Pie Hole Pizza turns to crowd funding for expansion
Pie Hole Pizza Joint, a popular Boystown eatery at 3477 N. Broadway St., plans to expand to a second location in the Andersonville neighborhood after
Pie Hole Pizza Joint, a popular Boystown eatery at 3477 N. Broadway St., plans to expand to a second location in the Andersonville neighborhood after asking the community to financially support the project.
Owner Doug Brandt will begin working on a new Pie Hole location at 5001 N. Clark St. now that he’s secured a $30,000 loan through a Chicago-based crowd funding website, a campaign that ended Monday.
Brandt says he’s always intended to grow his brand since purchasing the original eatery at 737 W. Roscoe St. Availability of the proposed storefront became the catalyst for Pie Hole’s unconventional loan request.
A former associate at Nielsen SiteReports — a company that analyzes demographics to help businesses gain customers — Brandt says he’s done his research when it comes to targeting the neighborhood where Andersonville and Uptown meet.
“I’m a fan of the spot and the area because it’s off the beaten path. The area is also slightly more diverse, which is always exciting,” he added.
Based on statistics, Brandt has gone as far as understanding that pizzas would likely be purchased more frequently by area households in the new location, in relation to Lakeview.
Brandt says he’d like to move restaurant prep work to the new site to free up space for more seating. He also expects to expand the menu to include pasta, and open a full bar.
Pie Hole turned to crowd funding for the project because it is easier than getting a bank loan, which is a more traditional route for businesses, he said.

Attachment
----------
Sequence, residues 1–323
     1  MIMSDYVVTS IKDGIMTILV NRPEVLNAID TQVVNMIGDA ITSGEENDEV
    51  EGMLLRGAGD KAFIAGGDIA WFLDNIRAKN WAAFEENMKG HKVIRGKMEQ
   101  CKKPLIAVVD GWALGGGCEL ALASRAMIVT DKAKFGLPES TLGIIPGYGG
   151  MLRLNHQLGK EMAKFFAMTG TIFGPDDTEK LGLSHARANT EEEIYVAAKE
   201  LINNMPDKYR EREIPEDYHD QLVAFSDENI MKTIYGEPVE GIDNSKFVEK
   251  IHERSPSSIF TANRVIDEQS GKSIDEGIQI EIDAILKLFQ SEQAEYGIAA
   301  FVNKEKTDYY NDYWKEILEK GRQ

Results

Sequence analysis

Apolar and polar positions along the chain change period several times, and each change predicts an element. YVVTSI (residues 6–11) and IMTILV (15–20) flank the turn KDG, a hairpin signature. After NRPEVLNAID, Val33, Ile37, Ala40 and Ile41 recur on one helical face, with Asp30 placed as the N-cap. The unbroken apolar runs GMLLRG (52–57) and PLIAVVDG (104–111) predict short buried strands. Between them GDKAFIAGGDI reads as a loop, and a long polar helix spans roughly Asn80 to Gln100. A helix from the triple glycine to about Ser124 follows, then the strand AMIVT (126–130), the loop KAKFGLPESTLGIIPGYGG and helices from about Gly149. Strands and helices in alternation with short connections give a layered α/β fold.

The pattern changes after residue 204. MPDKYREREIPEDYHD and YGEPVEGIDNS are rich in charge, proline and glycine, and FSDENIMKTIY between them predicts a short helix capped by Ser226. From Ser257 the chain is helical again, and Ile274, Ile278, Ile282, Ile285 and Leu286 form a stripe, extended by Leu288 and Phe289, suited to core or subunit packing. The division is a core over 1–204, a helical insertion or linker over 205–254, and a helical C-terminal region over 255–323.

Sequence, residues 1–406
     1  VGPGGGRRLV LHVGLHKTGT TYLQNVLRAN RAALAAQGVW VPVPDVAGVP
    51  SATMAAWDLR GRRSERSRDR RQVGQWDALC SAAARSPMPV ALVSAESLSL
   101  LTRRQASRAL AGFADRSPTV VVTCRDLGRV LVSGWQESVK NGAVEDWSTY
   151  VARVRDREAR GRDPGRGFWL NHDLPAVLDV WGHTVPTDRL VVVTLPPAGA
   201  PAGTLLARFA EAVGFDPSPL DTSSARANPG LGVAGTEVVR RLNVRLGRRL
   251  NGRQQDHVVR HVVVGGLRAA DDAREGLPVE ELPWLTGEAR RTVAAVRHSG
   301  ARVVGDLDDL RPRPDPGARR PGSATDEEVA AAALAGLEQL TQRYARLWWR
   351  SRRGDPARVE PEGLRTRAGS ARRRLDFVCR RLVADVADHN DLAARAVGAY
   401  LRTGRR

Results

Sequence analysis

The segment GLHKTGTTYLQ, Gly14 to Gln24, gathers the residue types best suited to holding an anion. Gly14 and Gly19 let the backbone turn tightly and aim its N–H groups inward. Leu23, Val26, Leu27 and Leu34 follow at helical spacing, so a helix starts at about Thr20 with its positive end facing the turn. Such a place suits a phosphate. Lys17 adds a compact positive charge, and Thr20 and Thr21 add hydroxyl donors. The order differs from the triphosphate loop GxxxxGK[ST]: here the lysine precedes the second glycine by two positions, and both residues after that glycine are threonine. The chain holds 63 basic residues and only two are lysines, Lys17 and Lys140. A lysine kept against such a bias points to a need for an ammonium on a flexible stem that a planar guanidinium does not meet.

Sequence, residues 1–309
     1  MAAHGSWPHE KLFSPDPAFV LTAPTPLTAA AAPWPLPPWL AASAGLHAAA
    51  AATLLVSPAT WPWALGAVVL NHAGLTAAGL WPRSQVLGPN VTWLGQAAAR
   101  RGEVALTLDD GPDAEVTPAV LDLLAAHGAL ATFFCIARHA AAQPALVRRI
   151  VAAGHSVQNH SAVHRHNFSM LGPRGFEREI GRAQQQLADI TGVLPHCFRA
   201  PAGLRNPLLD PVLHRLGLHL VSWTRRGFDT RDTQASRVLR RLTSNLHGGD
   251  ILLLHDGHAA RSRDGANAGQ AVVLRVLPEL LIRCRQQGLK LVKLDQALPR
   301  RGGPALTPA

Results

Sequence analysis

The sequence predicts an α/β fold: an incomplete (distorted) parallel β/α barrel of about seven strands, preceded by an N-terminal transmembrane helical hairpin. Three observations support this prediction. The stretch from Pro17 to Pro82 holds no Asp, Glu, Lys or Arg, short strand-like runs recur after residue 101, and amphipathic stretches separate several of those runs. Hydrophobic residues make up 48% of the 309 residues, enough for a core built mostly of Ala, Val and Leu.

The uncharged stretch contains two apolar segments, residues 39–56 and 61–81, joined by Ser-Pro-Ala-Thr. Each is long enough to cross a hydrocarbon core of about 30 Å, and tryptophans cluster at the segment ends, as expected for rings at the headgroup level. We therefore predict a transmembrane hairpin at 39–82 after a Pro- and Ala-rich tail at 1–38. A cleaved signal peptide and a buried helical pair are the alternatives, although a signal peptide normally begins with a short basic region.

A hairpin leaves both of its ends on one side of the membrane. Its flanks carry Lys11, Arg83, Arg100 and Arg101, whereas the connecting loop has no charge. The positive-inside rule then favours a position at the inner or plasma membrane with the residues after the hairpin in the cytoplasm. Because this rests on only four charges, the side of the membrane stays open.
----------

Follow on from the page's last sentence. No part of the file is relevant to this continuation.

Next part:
“Regardless of what you read, banks simply are not lending—especially to restaurants. With little security, banks have been burned by them,” he said. “And I’d rather pay interest to friends and fans than to a bank.”
LendSquare, like other crowd funding websites, allow small business owners to post their needs on a page, and allot a period of time to collect pledges from the public. Potential lenders who make a pledge can request a specific rate of interest. After a two-week pledge period, the highest rate of interest among all lenders is guaranteed when they receive their money back.
“If the loan-backers are hyper-local, in the neighborhood I’m gunning for, then I know immediately whether or not that neighborhood is a good candidate for Pie Hole,” he said.
Brandt expressed excitement over the idea of involving the public with the project.
“If members of the community have put up money for the business, then they are more likely to support the business.”
“Pie Hole Pizza was by far our most successful loan in terms of community engagement. This can be attributed to Doug. He already had a social network in place, and he was able to leverage his social media presence to generate buzz and excitement about his project,” said Dayne Poshusta of LendSquare.
Like many small businesses, Pie Hole has suffered its share of setbacks along the way. Earlier this year on Jan. 18, the city closed the eatery for late payment of state taxes and non-renewal of its Chicago restaurant license. After five days, supportive customers and fans paid the business’ obligations, allowing Pie Hole to reopen.
“I’ve learned to pay the city and state first,” he said. “They have no mercy.”
Speaking from his marketing and advertising background, Brandt has advice for aspiring entrepreneurs. First, he recommends saving four times as much as one thinks he or she needs to open a business. Secondly, Brandt believes in testing concepts with lots of people and insisting on getting honest reactions rather than flattery.
“If the ideas are good, go for it!” he said.